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Five Questions with You’re Next Director Adam Wingard

You're Next

With his features Home Sick, Pop Skull and A Horrible Way to Die, Adam Wingard is carving out a reputation as one of the most imaginative and visually sophisticated directors working in modern horror. His films are mindful of genre conventions, finding ways to subvert them through unexpected characterizations that have real psychological depth. His latest movie reinvents the home invasion thriller. We spoke to Wingard about blood, style and directing other directors.

Filmmaker: Your previous film, A Horrible Way to Die, tweaked the serial killer genre by setting it within the world of addiction and recovery, and exploring those emotional dynamics. Your new film takes up the “family under siege in their home” genre. What sort of twists have you incorporated this time?

Wingard: I think it’s always best when approaching a specific sub-genre to imagine what do I not like about what these movies do. When [writer] Simon [Barrett] and I asked that question about home invasion films we both concluded that there seemed to be too often an emphasis on simply punishing characters with pain, murder, and rape. The horror world has been totally sodomized by shocking scenarios, and we decided to make ours more of a fun ride, one that doesn’t punish its audience or take itself too seriously.

Filmmaker: What’s the secret to depicting intense violence without creeping out your cast and crew? Or, do you like to creep them out?

Wingard: Anyone that has to get bloody and wear appliances knows they have my sympathy. I hate asking someone to do something I would never want to do. Sticky things freak me out. As a matter of fact I hate everything about fake blood, the way it smells, the way it slimes around and sticks to things. I wish CG blood was better so I wouldn’t even have to associate myself with it, but such is the way things are. Unfortunately I like things of a certain quality these days and I would hate to rely solely on VFX to take care of gore; however they have contributed a few times in You’re Next to sweeten a few shots.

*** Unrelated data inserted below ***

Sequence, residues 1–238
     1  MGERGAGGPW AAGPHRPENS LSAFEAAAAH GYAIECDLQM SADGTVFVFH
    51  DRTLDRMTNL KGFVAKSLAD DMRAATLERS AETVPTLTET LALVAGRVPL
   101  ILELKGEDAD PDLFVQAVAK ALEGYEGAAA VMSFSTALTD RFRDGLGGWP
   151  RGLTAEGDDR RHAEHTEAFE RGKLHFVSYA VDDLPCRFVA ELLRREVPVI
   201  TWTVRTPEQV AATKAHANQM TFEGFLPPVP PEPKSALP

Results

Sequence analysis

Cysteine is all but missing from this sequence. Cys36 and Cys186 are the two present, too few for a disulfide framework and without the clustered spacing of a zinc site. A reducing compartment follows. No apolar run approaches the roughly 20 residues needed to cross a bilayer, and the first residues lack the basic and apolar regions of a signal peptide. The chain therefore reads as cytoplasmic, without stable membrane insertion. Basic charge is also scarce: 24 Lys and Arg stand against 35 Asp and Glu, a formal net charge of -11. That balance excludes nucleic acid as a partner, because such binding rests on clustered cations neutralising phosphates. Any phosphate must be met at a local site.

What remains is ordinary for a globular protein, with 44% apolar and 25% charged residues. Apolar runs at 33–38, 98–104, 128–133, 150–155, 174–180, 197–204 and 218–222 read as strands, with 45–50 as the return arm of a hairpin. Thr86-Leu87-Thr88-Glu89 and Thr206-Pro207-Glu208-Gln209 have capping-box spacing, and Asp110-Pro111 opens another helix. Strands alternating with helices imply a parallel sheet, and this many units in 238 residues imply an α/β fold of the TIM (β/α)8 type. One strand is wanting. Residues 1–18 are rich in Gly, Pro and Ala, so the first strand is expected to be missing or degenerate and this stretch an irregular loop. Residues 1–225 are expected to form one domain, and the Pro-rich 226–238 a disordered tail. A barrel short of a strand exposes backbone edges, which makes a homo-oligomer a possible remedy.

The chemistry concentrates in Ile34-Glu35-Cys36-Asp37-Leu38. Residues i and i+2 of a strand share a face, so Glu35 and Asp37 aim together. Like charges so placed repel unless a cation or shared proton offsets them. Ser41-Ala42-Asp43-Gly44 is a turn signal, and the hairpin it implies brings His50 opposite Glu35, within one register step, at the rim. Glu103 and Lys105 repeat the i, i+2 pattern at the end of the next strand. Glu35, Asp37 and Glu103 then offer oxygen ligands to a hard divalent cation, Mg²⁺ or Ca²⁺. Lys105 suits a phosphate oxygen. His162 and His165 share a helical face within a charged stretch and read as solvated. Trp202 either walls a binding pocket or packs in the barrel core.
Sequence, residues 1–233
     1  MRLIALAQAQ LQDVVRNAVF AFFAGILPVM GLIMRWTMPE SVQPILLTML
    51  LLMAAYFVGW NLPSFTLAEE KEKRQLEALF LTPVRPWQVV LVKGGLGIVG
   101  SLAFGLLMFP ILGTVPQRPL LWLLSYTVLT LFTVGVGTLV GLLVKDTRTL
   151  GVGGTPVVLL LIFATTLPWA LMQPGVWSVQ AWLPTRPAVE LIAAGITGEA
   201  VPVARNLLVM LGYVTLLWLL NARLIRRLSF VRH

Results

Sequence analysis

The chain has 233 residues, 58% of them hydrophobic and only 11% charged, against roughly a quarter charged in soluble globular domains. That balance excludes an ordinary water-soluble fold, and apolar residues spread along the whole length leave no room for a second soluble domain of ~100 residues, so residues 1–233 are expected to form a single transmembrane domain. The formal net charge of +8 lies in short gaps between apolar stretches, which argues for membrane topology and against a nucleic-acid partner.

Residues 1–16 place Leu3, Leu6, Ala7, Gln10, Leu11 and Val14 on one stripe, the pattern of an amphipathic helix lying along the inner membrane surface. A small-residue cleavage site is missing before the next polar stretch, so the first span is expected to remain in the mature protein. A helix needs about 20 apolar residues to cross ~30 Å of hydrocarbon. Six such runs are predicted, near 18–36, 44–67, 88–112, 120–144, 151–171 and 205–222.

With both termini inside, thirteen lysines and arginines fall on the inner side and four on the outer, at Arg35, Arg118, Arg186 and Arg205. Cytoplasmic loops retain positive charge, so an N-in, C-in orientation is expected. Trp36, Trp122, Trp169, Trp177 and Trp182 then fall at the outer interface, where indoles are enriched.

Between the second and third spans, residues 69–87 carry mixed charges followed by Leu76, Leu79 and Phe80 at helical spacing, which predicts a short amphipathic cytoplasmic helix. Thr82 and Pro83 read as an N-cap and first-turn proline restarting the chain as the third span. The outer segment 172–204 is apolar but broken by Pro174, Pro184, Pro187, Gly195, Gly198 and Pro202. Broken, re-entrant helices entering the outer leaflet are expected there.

Filmmaker: Your new film features as actors the directors Ti West and Joe Swanberg. What’s it like to direct other directors?

Wingard: It’s great; they both know what a pain in the ass making a movie can be so I felt a lot of empathy from them when the scenes were getting rough. I’ve worked with Joe a few times now and we have a psychic rapport. People are going to be totally blown away when they see him in You’re Next. He gives one of the best performances I’ve ever filmed.

Filmmaker: How do you think you’ve evolved your work visually since Pop Skull? That film has a somewhat extreme visual and editing style, and so does A Horrible Way to Die, but in a different way. And what can people expect when it comes to the visual approach of You’re Next?

Wingard: Pop Skull and A Horrible Way to Die are very much companion pieces to each other both thematically and stylistically. On both pictures I was exploring the dark sides of romantic obsession and drug addiction wrapped into a sort of alternative take on specific subgenres. I was very much exploring my style within the confines of the low budget. With You’re Next I set out from the get go to make a real movie in the conventional sense. For the first time ever I had enough money to realize a fuller vision and to finally make a movie that I would have loved to watch when I was 17. That’s kind of the best way to gauge how true you are being to yourself and your personal vision.

Filmmaker: You seem to be in an accelerating period of production activity. To what do you owe this too, and what advice do you have for filmmakers trying to be more productive?

Wingard: I started working nonstop because I just wanted to improve and explore all facets of filmmaking before I was ready to hit the big leagues. The only thing worth a damn is experience — without it you can’t truly understand what to do. You might make a hundred crappy movies but as long as you can leave your ego behind and strive to evolve constantly and learn from your mistakes you will eventually start to make the right decisions which lead to magic. This is a mysterious game that can only be played with personal power, which comes from the knowledge of experience.

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